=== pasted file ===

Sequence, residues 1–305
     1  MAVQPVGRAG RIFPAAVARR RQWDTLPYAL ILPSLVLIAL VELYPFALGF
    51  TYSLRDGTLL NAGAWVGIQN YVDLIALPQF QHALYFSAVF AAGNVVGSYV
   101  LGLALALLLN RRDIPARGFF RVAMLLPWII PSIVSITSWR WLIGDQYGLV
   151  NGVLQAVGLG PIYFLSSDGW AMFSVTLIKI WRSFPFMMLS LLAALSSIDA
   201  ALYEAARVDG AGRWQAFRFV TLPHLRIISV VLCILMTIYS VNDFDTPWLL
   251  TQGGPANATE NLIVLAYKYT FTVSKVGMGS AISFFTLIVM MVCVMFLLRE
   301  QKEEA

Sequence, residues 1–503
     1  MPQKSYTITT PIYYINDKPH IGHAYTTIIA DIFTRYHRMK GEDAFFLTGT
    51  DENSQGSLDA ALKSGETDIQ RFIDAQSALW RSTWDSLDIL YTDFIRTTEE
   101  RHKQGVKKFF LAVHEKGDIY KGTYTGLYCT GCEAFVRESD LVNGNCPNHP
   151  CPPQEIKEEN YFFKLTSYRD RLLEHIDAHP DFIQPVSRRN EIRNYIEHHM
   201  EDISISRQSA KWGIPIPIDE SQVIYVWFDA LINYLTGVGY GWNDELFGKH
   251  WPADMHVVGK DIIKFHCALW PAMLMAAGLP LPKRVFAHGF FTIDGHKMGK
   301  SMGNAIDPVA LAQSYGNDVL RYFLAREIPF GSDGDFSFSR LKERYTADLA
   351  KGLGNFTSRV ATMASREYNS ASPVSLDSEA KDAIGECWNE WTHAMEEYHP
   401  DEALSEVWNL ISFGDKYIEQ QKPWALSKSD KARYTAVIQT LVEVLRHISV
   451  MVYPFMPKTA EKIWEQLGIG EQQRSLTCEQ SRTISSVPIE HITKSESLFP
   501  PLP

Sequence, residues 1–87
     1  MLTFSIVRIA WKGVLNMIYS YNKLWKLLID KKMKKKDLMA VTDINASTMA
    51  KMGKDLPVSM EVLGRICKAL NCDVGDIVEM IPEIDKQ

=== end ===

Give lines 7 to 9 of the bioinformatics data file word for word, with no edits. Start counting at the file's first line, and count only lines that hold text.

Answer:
   251  TQGGPANATE NLIVLAYKYT FTVSKVGMGS AISFFTLIVM MVCVMFLLRE
   301  QKEEA

Sequence, residues 1–503